“Do you have any kids?”

The good days have been a little scarce for the last few weeks. Ever since we collected Benjamin’s ashes from the cemetery I have really been struggling (well struggling even more than usual!). Some friends and family have asked me why I think it’s been particularly bad and whether certain things trigger me or not. I, like everyone else in this situation, have my triggers – little baby boys, pregnant women…the list could go on and on. I cross the street to avoid a buggy now. The previous me wouldn’t have cared at all. In fact, I used to have no interest in a baby unless it was a family or friend’s baby.

The biggest trigger by far, however, is being asked if I have any kids. This is something I was rarely asked before being pregnant but since losing Benjamin it feels like a regular occurrence. The other week I was going on my daily walk down to the beach. I have traditionally hated walking. I always just found it so boring. If I was going to exercise I wanted to sweat and make it count. It became a necessity when pregnant, however, as I wasn’t able to run for most of my pregnancy. Ironically, it is now a lifesaver for me – a time of solace, reflection and healing.

On this particular day I was approaching the primary school that we were going to send Benjamin to when an older lady smiled and said hello. I very innocently replied to her and then she started talking to me. It turned out that she was Irish too and so the conversation grew from there.

“Where in Ireland are you from?”

“What are you doing in Australia?”

“How long have you been here?”

“Are you married?”

Once she asked me the marriage question I just knew what was coming next…

“Do you have any kids?”

I had contemplated this question many times since losing Benjamin. If I say yes I will ultimately have to tell them that he died which I won’t be able to do without bursting into tears. If I say no I will feel like I am denying my son, treating him like some sort of dirty secret I shouldn’t talk about. You read a lot how some people say yes and others say no. After all, everyone grieves differently and it is a very personal choice so I don’t judge others for what they decide. On this occasion, however, I had no choice. As soon as she asked me I burst into tears. The poor woman, she got such a shock. “Oh no I’ve said something wrong, I’m so sorry lovey” she said to me. Through the tears I managed to get the words out “Yes, I have a son but he died”. She gave me a big hug and we talked a little bit more about what had happened to Benjamin and how I was coping. She really was such a lovely woman. As I walked away from this encounter I couldn’t help but think how things had changed. A couple of months before I was managing the finances for a billion dollar business and now I was standing in the middle of the street bawling crying, wrapped in the arms of a complete stranger.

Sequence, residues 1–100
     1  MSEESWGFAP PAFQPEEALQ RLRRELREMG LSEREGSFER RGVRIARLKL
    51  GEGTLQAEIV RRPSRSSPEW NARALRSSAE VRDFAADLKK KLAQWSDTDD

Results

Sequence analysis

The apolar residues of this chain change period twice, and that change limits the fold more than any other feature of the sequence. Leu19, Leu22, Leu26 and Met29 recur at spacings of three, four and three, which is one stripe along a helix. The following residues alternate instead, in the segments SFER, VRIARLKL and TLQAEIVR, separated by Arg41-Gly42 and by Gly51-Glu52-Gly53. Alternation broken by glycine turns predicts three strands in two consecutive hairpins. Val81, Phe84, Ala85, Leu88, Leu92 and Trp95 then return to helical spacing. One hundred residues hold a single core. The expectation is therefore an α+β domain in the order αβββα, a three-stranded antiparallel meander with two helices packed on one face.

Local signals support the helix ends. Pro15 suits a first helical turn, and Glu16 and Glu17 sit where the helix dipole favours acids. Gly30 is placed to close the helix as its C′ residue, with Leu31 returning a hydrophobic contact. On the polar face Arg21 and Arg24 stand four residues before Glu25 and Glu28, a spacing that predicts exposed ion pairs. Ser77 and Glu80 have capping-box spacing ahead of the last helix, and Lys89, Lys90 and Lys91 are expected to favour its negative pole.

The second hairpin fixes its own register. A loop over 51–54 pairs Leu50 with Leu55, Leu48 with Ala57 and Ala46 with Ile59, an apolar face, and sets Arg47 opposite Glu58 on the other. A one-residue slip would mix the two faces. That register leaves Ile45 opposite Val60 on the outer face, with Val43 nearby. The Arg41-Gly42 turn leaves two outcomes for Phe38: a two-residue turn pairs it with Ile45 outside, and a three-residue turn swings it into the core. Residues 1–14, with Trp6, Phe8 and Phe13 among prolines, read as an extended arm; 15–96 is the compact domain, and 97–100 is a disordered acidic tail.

That’s the thing about grief after a traumatic loss – it is a complete game changer. Your entire perspective changes, you feel like a completely different person. In many ways you feel like a shell of your previous self, completely broken. I am starting to discover, however, some of the positive sides to my new self. I have always been a very private person. At times I have been described as withdrawn and a little cold, not wanting to show my emotions to others. Now as I reflect on my encounter with this woman I realise that one of the gifts my son has given me is a refreshed ability to connect with people. Instead of wanting to hide and control my emotions, I embrace them. Instead of looking at people and judging them, I take the time to ponder what their story might be. They too might have an indescribable hurt that they carry with them each day. They too might have a hole in their heart just like me. He has also given me the ability to feel more, and love more intensely than before.  I can’t help but think that all of these positives must surely bring with them hope…that most elusive thing that I thought had been stripped from me once I lost Benjamin.  That thing that every bereaved parent desperately searches for.  Because without hope how can we move forward into the future?

 

 

 

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